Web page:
Best Ways to Stay Healthy on the Airplane
With cold and flu season in full swing, many travelers are wondering how to stay healthy on the airplane. The close quarters of the small aircraft and fears of poor air circulation are some of travelers’ top concerns.
Many travelers might be surprised to find out that modern aircraft circulate relatively sterile air, with 50% of the air coming from outside the plane and 50% recycled through high-efficiency particle HEPA filters. It’s also important to note that just because someone five rows behind you is sneezing, does not mean you are doomed. You are most likely to pick up germs from the passengers directly in front, behind you, or in your row. Even so, there are several things you can do to protect yourself and stay healthy on the airplane and beyond.
Get healthy before your flight
Your pre-flight “health checklist” includes many things that you really should be doing already. But it never hurts to be extra cautious right before a big trip. After all, you don’t want to spend your entire trip coughing in Caracas or sneezing in Salzburg!
1. Eat well
Good, nourishing food does wonders for keeping you healthy and safe from disease. While nutrition experts may debate the nuances of trendy diets such as Whole30, keto, paleo, and more, the basic guidelines are still the same. Aim for a variety of fresh fruit, vegetables, proteins, and whole grains. Avoid sugars and highly processed foods. Use your common sense!
2. Stay in shape
Physical fitness is a great way to keep your body strong and prevent illness. Additionally, a good workout routine can help you prepare for any extra walking or hiking you will do on your trip. Try setting some attainable fitness goals for yourself in the months leading up to your trips.
3. Get enough sleep
Studies show that a lack of sleep will reduce your body’s ability to resist and fight infectious diseases. Mayo Clinic suggests 7-8 hours of sleep for adults, 9-10 for teens, and 10+ hours of sleep for school-aged children.
4. Take your vitamins
Don’t forget to take any vitamins or supplements you normally do to stay healthy. Consider giving yourself an extra immune boost by adding a Vitamin C supplement to your routine.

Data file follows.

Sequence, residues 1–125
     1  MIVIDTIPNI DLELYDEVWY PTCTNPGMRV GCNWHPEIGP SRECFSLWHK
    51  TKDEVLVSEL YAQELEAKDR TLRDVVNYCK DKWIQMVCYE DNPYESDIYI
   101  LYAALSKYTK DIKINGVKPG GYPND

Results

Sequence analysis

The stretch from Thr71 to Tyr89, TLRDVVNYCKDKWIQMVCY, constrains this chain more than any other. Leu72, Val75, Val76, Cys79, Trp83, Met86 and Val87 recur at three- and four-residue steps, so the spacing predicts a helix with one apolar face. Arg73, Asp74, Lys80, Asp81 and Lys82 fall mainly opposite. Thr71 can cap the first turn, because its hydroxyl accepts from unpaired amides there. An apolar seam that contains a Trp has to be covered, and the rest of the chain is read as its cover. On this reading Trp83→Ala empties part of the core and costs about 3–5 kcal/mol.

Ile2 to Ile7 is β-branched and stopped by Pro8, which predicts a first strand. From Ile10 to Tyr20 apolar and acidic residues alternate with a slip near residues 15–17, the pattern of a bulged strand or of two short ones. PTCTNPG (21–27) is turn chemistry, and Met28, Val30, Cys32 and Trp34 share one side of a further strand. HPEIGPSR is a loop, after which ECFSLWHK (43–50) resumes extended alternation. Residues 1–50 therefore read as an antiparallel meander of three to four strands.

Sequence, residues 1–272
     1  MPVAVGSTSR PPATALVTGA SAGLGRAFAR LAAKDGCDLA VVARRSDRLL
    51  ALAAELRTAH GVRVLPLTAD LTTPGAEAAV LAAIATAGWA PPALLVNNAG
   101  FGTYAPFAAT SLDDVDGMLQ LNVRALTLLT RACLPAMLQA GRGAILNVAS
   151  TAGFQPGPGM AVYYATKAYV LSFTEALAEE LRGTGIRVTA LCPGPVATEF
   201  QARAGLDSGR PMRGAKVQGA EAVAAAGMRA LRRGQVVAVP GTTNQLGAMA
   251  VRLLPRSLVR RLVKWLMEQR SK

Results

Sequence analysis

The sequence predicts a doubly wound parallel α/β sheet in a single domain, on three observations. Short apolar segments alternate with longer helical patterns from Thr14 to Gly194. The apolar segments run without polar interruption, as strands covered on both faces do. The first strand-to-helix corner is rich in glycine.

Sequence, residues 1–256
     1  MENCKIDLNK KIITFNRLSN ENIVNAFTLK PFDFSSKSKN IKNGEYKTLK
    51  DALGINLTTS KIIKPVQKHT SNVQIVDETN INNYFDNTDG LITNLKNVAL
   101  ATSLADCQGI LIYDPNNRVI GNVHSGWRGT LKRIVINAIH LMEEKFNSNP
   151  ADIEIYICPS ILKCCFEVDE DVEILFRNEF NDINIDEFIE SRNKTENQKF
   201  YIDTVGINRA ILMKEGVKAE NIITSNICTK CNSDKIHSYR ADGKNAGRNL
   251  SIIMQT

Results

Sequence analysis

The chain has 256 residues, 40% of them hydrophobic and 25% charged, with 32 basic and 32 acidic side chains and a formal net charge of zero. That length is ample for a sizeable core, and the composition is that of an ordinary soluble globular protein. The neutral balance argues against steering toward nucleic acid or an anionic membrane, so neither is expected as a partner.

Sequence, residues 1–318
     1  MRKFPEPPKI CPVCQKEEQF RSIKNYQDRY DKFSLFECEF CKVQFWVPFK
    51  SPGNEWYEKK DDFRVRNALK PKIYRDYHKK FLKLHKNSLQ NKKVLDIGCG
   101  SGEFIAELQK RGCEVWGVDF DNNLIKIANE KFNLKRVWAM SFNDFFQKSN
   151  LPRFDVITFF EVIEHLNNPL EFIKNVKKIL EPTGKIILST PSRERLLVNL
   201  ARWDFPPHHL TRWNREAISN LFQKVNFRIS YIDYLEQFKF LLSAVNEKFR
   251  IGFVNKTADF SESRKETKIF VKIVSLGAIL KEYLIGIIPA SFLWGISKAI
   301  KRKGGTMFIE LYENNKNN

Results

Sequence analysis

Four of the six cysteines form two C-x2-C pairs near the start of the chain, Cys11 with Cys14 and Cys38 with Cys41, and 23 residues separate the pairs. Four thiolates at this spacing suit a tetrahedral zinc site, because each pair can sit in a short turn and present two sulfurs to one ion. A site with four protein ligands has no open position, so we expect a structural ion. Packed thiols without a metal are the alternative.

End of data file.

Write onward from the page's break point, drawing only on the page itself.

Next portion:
5. Check with your doctor
If you have any concerns about your health, schedule a visit with your doctor to verify that you are “fit to fly.” Your doctor can also help determine if you are up-to-date on any vaccinations that are advised for your intended destination.
Stay healthy during your flight
6. Wipe down hard surfaces
Take a minute to wipe down hard surfaces as soon as you get to your seat on the plane. This includes your tray table (don’t forget the latch), armrests, window, and the overhead lighting and vent panel. While flight crews do a thorough cleaning of the aircraft each night, there often isn’t time to do this between each and every flight. Keep a small pack of disinfectant wipes in your carry-on to use for each of your flights.
7. Wash your hands
The coronavirus frenzy has generated a wave of memes and articles about washing your hands. Many people are quick to roll eyes, “Really?! Who needs to be reminded to wash their hands?” But the truth is that the majority of people do not wash their hands often enough or well enough to get a good clean. And think for a minute. When the peanuts and pretzels are passed on a flight, how many people get up and wash their hands? Or bust out the hand-sanitizer? Yes, it’s hard to get to the bathroom on the plane, and sanitizer may not be quite as effective as a good washing. But do your best, and when in doubt, opt for snacks that do not require your fingers to eat.
8. Don’t touch your face
How many times each hour do you touch your face? If you pause and pay attention, the answer may surprise you. You might notice you routinely put your hand to your mouth when thinking, rub your nose, or mess with your mascara. Making a conscious effort to avoid these reflex habits is an important way to keep yourself from picking up a virus.
If you have any other medical concerns, be sure to discuss these with your doctor prior to your trip.